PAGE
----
There is no shortage of celebrities convicted of tax evasion. Just this month, Chrisley Knows Best stars Todd and Julie Chrisley were indicted on multiple counts of conspiracy, bank fraud, wire fraud, and tax evasion. The Chrisleys’ accountant was also indicted on tax-related offenses. Separately, Chase Chrisley was hit with a federal tax lien.
The IRS contends Chase owes almost $17,0000 in taxes from his income due for the year 2014. Although not a criminal matter, the IRS can seize his property and assets for back taxes. Since most of us are not famous, how much does the average taxpayer need to worry about being charged with tax evasion if he/she does not report all income? The reality is that when someone fails to file a return or owes back taxes, they may be subject to a host of civil and criminal penalties.
Civil vs. Criminal Penalties
There are over 100 different types of IRS civil penalties so even an ordinary taxpayer who fails to pay their taxes for any reason can face some penalties, which can add a significant amount to the final tax bill. Penalties for tax fraud, however, are particularly severe.
According to the IRS, “civil fraud penalties will be asserted when there is clear and convincing evidence to prove that some part of the underpayment of tax was due to fraud.” Civil fraud penalties are high. The Tax Code provides that “if any part of any underpayment of tax required to be shown on a return is due to fraud, there shall be added to the tax an amount equal to 75 percent of the portion of the underpayment which is attributable to fraud.”
On the criminal side, the Tax Code states that “[a]ny person who willfully attempts in any manner to evade or defeat any tax imposed by this title or the payment thereof shall, in addition to other penalties provided by law, be guilty of a felony and, upon conviction thereof, shall be fined not more than $100,000 ($500,000 in the case of a corporation), or imprisoned not more than 5 years, or both, together with the costs of prosecution.” The prosecution must prove its case beyond a reasonable doubt.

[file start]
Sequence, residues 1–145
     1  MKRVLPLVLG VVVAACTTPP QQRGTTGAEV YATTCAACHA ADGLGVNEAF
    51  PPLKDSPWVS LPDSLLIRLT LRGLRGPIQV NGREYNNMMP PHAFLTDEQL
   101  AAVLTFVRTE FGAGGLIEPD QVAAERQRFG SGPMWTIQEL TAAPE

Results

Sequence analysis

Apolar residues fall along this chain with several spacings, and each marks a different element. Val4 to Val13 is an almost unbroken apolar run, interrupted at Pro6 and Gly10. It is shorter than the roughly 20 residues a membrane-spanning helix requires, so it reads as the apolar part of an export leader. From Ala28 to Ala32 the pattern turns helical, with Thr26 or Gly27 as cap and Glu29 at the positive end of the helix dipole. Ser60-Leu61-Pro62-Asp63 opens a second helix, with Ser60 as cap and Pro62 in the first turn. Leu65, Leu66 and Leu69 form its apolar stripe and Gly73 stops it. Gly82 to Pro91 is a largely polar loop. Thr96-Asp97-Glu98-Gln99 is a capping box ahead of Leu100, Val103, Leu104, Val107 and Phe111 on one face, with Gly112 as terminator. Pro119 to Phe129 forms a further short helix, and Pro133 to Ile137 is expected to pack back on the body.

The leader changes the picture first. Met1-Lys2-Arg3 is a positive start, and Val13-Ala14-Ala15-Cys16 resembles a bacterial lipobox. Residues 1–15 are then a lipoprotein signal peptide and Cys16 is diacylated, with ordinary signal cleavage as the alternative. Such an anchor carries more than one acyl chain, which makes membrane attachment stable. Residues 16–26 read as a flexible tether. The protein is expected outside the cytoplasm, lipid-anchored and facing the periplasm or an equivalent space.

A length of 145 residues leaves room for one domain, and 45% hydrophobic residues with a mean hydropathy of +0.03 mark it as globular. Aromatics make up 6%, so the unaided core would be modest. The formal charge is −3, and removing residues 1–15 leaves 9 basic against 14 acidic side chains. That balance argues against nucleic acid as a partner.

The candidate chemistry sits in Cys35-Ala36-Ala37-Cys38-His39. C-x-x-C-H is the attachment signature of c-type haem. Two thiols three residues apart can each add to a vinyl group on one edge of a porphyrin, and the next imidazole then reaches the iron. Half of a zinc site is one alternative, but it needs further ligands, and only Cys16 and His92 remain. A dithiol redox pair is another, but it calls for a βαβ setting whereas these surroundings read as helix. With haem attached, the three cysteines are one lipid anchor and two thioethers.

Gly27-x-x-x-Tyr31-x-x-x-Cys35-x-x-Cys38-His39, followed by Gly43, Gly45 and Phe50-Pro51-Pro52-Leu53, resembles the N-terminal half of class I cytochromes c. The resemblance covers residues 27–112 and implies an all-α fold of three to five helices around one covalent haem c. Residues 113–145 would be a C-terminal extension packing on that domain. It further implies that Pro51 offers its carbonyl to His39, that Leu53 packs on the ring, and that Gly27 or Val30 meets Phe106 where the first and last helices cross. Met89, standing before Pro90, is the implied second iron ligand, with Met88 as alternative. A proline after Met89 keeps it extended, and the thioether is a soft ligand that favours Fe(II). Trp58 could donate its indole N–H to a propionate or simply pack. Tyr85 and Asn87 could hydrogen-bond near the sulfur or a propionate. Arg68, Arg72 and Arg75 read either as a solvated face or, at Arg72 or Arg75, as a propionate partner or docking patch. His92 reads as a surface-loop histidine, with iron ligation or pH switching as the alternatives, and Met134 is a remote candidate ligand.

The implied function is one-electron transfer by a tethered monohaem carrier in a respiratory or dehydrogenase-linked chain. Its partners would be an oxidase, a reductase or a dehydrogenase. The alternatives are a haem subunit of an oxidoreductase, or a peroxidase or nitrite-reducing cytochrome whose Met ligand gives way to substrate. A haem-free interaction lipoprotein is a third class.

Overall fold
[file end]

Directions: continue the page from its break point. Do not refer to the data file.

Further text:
As noted above, cases involving a taxpayer who did not commit tax fraud may still have to pay civil penalties. However, a tax fraud offense may result in both civil and criminal penalties.
Enforcement by the IRS
According to the IRS Data Book:
- The IRS assessed close to $29.3 billion in civil penalties. Almost $12.0 billion was assessed in civil penalties on individual and estate and trust income tax returns.
- In FY 2018, the IRS initiated 2,886 criminal investigations in three areas—legal source tax crimes, illegal source financial crimes, and narcotics-related financial crimes. The IRS completed 3,051 investigations in these areas.
This data only applies to IRS matters. A taxpayer may also be subject to civil and criminal penalties under state tax law.
The lesson for taxpayers is to address tax problems as soon as possible. There are remedies to help resolve tax disputes and minimize or avoid penalties and criminal prosecution.
If you have a tax issue, contact us to learn how we can help.